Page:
Today’s Flashback Photo is far from New England. It is a painting of foreign “factories” in Canton, China (circa 1820). They were not what we think of today as factories, but trading posts. It was here, the blog Cow Hampshire reports, that New Englanders managed to cause a riot merely by hoisting a weather vane in 1844. Really? A weather vane? Apparently so. The Chinese, who had a number of bones to pick with foreign traders, believed the arrow-shaped weather vane was bringing them bad luck, as arrows were a potent symbol in China at that time. And the weather vane was at least a pretext for rioting.
Putting a roof over one’s head has never been easy, especially during the 1600s. This becomes clear as the State of Maine carries out the renovation to the replica 1625-era dwelling at the Colonial Pemaquid State Historic Site in Bristol. To top off the house, a master thatcher was hired to install the roof. The art of thatching a roof is nearly lost, and the Portland Press Herald has posted a video showing thatcher Colin McGhee talking about and demonstrating his craft. For do-it-yourselfers, we’re guessing reeds probably don’t go on sale at Home Depot until fall.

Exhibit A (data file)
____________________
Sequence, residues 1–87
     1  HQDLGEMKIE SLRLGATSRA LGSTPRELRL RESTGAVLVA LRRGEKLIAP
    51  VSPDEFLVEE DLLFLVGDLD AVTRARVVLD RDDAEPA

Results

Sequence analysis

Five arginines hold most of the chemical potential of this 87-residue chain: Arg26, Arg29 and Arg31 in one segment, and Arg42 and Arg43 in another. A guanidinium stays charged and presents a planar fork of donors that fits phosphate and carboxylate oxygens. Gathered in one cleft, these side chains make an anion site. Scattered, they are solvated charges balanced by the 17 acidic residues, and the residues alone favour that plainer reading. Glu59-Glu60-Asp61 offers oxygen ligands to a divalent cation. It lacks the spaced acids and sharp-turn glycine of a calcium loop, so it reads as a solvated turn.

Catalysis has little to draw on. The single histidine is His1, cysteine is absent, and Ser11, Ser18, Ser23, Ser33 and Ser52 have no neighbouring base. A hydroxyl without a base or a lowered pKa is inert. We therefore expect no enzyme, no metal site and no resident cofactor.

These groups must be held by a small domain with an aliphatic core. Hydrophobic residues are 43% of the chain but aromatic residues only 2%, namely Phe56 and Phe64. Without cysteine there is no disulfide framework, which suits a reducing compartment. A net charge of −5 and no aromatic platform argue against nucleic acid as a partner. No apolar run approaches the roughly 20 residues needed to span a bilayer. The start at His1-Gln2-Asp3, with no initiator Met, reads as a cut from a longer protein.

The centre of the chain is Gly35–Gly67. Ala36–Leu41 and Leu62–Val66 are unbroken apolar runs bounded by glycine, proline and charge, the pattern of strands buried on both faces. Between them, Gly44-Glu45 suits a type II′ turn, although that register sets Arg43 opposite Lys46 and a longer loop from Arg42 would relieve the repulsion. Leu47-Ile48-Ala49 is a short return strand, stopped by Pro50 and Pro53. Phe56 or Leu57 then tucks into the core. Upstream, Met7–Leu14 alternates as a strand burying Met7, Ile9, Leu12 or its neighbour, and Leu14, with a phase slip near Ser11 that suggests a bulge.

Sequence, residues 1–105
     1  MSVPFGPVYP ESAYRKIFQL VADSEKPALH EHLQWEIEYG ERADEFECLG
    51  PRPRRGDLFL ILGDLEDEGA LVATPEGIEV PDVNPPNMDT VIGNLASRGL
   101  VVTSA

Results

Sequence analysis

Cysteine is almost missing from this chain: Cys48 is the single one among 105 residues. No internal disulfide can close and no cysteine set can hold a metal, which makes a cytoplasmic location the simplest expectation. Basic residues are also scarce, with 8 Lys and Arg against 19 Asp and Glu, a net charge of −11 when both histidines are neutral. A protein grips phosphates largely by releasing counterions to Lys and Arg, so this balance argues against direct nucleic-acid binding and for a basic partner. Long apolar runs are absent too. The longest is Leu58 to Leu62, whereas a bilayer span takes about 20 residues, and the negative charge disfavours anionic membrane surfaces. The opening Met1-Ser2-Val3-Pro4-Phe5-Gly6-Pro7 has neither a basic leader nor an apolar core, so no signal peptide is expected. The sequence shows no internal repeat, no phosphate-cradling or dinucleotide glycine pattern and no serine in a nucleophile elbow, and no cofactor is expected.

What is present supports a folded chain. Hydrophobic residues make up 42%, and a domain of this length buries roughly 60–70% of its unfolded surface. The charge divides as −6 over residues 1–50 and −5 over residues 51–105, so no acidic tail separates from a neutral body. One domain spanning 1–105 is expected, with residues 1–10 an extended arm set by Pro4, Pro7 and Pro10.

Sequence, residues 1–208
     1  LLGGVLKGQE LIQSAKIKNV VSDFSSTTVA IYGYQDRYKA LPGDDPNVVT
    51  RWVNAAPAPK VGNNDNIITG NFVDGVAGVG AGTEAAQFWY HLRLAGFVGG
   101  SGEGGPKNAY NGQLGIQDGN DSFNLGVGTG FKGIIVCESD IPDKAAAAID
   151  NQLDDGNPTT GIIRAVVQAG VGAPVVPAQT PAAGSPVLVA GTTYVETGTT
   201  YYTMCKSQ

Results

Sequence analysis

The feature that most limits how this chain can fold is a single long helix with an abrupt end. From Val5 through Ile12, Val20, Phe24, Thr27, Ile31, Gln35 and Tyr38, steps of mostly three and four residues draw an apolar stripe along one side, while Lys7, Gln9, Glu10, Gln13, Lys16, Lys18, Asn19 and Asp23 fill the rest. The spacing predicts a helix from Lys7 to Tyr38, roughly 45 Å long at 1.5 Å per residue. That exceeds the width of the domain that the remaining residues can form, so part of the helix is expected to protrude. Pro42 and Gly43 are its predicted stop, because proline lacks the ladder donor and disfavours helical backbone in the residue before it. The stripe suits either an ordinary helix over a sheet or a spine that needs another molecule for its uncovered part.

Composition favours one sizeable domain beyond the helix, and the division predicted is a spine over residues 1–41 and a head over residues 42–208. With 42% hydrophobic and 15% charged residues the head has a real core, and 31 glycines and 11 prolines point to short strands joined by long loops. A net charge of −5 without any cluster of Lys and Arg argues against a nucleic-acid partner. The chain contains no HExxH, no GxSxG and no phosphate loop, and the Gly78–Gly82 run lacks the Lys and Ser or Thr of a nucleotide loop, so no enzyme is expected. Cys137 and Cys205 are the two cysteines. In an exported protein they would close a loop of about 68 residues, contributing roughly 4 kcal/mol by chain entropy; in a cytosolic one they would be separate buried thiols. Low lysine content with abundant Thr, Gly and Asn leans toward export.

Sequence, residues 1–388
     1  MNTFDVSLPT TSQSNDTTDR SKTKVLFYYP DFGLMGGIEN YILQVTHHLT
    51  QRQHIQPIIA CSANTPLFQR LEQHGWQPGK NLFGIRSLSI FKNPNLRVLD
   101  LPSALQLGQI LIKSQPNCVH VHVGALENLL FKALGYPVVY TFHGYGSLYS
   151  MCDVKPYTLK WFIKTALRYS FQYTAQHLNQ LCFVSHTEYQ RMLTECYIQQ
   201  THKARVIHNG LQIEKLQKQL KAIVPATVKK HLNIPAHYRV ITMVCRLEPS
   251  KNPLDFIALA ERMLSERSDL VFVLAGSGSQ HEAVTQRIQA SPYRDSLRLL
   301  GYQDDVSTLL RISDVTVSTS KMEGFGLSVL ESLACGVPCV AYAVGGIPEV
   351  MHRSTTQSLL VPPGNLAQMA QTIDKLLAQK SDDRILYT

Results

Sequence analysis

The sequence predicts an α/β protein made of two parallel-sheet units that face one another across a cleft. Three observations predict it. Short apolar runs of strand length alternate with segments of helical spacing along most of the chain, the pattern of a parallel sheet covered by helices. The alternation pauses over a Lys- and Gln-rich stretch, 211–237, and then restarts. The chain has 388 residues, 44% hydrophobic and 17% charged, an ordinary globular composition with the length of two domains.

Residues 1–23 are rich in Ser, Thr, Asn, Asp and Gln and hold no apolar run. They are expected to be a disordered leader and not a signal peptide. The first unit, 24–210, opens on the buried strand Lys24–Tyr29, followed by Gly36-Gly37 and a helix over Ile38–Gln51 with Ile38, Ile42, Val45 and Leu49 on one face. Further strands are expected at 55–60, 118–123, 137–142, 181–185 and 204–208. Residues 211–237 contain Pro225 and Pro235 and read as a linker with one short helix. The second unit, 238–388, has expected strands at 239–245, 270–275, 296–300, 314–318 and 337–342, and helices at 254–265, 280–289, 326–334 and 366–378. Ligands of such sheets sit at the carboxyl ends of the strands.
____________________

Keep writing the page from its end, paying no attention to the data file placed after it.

As American colonists rose up against Britain, the Crown naturally adopted all available methods to try to control the brewing revolution. Not so different from the typical insurgencies we see today springing up around the world today, notes Naval War College professor Marc Genest. And while King George III didn’t have aerial drones and electronic eavesdropping technologies at his disposal, he did very much attempt counterinsurgency efforts to head off all-out war with the colonists. Genest analyzes the British efforts, and points out (250 years too late) where they might have improved their tactics in a speech on “New Perspectives on the American Revolution.”If you’re hanging indoors to beat the heat, C-Span is airing the presentation on Saturday. Or you can check it out here online.
Think you can’t take on corporate America and win? Rose Finkelstein Norwood did it. In 1919, after taking a job at the telephone company, Norwood decided she and her fellow operators needed to fix a few things about the way the company treated its workers – mandatory split shifts, lower pay than men and abusive bosses. So she led 8000 workers on a strike that lasted less than a week and quickly brought the company to the negotiating table. Norwood was forced to quit the phone company when she got married (company policy), but went on to organize thousands of other workers over the course of her life. The Jamaica Plain Historical Society has posted a recording of its recent panel discussion highlighting the lives of Norwood and two other Jamaica Plain notables.